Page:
63010 E Brightwood Bridge Road, Brightwood, 622-1568, facebook.com/BrightwoodTavern. 10 am-2:30 am daily.
Brightwood is still a one-horse town. Fabled for lodging woodcutters, Mount Hood's search-and-rescue team and the men who constructed Timberline Lodge, this town still operates on the 40-ounce diet. The heart and soul of a town with a 4-to-1 male-female ratio? The Brightwood Tavern. The best choice is a boilermaker with as well a whiskey as they make and as cheap a lager as you can find. A quick drink and grim story to tell your mixologist friends about the horrors of the unsophisticated imbiber is what you'll get here. But honestly, a crisp crap lager and the smell of tenured cigarette smoke is sometimes the perfect escape from the specialty, craft and artisanal ho-hum of the city. The Brightwood Tavern is about as honest a watering hole as there is, and it's a must-stop for Mount Hood adventures. NICK VISCONTI.
The Cannabis Corner
484 Evergreen Drive, North Bonneville, Wash., 509-427-4393, thecannabiscorner.org. 10 am-5 pm Monday, 10 am-7 pm Tuesday-Sunday.
The world's first city-owned weed store, this no-frills shed in the wilds of North Bonneville, which sits across the river from Cascade Locks, is a bold gambit by a city with a cash-flow problem. Last year, the city manager used dwindling cash reserves to form a public development authority that could apply for one of Skamania County's two state-issued marijuana sales licenses and build this blue metal shack on the edge of town. It opened last month, an occasion marked by a "grand opening" banner hung between two concrete pylons off the Evergreen Highway and visits from NPR, Al Jazeera and Bloomberg News. Inside the shop—it has a gravel parking lot and a green velvet rope at the entrance—things were going well. It had $15 gram bags from three Washington producers and some of the friendliest and most chill city employees you'll ever encounter. MAJOR E. SKINNER.
Charlie's Mountain View
88462 E Government Camp Loop Road, Government Camp, 272-3333, charliesmountainview.com. 11 am-2:30 am daily.
In the heart of Gov'y, Charlie's Mountain View has been a go-to watering hole for as long as there's been a town, and is adorned with years of photos, posters and stickers chronicling mountain culture to prove it. While the restaurant side exists, serving the same menu as in the bar, the bar side provides a much more vibrant social scene, Big Buck Hunter and a rotating screen saver featuring photos of anyone local enough to own a pinner—ask someone who looks like they haven't left the bar in 20 years for more details. If you're hungry, get the veggie burger or one of the daily specials, but skip the pizza as there are better pies across the street at the Ratskeller. In the summer, Charlie's is overrun with pro skiers and snowboarders, pounding down cheap tallboys of Rainier and tossing high-fives, and you never know if you'll be sitting next to an Olympic gold medalist or just some dirtbag hoping someone accidentally rings the bell, a mistake that requires them to buy the bar a round. BROOKE GEERY.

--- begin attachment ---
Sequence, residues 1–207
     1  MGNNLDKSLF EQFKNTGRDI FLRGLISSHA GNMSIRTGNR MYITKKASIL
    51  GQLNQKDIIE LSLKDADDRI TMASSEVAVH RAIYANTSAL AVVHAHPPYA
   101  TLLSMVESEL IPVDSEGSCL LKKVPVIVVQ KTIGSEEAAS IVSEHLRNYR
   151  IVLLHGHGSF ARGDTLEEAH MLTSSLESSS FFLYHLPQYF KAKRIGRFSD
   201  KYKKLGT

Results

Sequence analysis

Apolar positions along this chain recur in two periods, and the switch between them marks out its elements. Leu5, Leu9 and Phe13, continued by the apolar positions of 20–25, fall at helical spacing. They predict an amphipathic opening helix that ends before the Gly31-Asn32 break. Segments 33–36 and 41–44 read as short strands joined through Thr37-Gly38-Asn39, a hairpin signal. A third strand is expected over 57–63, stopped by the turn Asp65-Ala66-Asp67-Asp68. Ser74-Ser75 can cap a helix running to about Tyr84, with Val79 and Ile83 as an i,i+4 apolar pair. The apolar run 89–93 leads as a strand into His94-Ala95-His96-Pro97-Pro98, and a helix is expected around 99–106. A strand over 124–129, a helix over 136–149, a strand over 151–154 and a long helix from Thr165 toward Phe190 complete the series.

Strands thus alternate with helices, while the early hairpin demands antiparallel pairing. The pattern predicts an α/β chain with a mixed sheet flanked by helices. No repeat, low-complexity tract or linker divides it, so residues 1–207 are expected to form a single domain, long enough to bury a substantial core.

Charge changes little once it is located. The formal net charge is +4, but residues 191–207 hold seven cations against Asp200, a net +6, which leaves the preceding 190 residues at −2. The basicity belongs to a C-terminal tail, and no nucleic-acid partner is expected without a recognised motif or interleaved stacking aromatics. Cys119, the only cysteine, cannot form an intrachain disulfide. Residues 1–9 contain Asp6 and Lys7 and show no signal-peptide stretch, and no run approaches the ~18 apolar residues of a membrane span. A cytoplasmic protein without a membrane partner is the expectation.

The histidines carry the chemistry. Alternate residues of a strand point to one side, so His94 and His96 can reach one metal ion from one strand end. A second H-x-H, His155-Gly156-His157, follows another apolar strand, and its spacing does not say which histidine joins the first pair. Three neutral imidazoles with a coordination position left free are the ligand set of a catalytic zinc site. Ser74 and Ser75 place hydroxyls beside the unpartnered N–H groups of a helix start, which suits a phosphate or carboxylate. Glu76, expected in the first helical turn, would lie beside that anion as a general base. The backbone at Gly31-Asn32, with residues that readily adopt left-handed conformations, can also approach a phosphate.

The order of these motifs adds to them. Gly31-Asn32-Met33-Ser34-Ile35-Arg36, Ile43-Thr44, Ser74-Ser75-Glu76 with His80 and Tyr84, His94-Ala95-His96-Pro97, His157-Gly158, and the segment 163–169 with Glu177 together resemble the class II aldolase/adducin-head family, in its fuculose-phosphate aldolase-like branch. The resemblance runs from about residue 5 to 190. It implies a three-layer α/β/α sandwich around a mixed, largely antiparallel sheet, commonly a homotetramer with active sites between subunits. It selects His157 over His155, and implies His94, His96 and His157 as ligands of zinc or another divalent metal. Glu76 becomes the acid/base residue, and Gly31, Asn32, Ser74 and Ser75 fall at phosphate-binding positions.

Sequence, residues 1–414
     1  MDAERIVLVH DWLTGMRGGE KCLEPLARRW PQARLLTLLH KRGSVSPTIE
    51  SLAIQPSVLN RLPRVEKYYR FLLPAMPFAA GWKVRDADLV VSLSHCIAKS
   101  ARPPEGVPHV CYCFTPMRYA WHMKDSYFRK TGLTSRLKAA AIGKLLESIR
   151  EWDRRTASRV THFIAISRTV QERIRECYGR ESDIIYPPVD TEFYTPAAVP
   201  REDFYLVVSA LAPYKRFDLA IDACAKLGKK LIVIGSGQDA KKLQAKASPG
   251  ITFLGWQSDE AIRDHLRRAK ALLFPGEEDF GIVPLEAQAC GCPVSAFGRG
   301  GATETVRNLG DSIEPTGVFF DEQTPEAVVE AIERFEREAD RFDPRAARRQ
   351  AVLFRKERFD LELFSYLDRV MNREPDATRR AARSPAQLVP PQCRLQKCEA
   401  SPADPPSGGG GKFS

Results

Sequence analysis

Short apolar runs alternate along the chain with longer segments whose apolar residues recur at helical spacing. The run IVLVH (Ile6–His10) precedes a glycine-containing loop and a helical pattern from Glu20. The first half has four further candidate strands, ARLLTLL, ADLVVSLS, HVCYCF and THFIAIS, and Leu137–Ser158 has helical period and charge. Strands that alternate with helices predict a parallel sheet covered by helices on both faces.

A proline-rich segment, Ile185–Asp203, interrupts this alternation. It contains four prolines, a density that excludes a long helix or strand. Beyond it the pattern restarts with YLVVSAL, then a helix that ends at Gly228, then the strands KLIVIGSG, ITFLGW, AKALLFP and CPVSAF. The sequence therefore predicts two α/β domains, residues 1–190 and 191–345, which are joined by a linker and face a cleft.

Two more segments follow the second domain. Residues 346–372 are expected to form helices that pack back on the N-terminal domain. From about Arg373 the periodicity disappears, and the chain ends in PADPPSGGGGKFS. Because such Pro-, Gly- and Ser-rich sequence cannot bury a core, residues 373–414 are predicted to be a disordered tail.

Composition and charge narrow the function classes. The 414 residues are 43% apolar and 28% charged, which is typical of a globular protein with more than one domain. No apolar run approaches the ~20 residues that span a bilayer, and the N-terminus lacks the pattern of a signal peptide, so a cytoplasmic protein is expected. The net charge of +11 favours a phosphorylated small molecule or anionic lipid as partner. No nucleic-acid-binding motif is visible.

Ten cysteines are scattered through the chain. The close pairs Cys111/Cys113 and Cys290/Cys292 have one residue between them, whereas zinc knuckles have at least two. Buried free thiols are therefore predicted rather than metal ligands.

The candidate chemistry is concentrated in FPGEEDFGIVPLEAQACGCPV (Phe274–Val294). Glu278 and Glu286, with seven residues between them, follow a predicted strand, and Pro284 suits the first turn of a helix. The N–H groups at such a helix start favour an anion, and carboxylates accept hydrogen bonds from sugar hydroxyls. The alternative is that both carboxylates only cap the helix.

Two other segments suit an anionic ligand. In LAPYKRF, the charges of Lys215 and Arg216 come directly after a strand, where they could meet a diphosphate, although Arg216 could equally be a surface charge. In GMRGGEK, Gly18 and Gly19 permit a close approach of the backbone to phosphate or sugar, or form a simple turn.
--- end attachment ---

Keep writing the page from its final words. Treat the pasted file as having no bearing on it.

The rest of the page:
89018 E Little Trail, Government Camp, 333-7623, facebook.com/cobradogs. 1-9 pm daily.
You can't miss the red-and-yellow hot-dog cart that lives in front of the dodge-ball court on the east end of Gov'y. It's the one with the line of campers waving wads of their parents' cash, eager to get their mouths around an all-beef boa, chedda-conda, or any of the other gourmet wieners on the menu. While summer camp is in session (mid-June to mid-August), Cobra Dogs is a place to see and be seen, and the hot dogs really do live up to the hype. Top your choice of tubular meat with bacon bits, sauerkraut, cream cheese, jalapeños and onions, and don't forget the Cobra Sauce. It's also home to the cheapest Red Bull in town, which is also available in slushie form. Whatever you do, though, don't ask for ketchup—it's taken as a personal insult to owner and founder Cory Grove. BROOKE GEERY.
8 4th St., Hood River, 541-387-0042, doublemountainbrewery.com. 11 am-10 pm daily.
The best food in Hood River is nearly always at brewpubs, and Double Mountain brings its knowledge of Wyeast yeast to bear on its char-crusted, New Haven-style, brick-fired pizzas that rank highly even among Portland's best. Pair the Jersey Pie—with hot capicola and Mama Lil's peppers—with one of a raft of seasonals, whether Devil's Kriek, Pale Death Belgian Imperial IPA, or an anise-rich root beer blend for kids. PARKER HALL.
Glacier Haus Bistro
88817 E Government Camp Loop Road, Government Camp, 272-3471, glacierhaus.com. Wednesday-Thursday 11 am-9 pm, Friday-Saturday 11 am-10 pm, Sunday 11 am-9 pm.
Government Camp is still small enough for unknown niches to be served by enterprising newcomers, which handily explains how the finest (not to be confused with "fine") dining option in the village came to be. The proprietors of Glacier Haus are of Czech descent, which leaves a meaty mark on a menu that frequently employs schnitzels and smoked meats as the centerpiece of its sandwiches and entrees. The vibe is European in a vague, lived-in kind of way that's perfect for a first date with the cutie you serendipitously shared a Palmer-bound lift chair with earlier in the day. She'll be gone in search of fresh powder in the morning, but Glacier Haus will be there in that rare moment when you feel like being an adult and eating boar and fennel on your pizza. PETE COTTELL.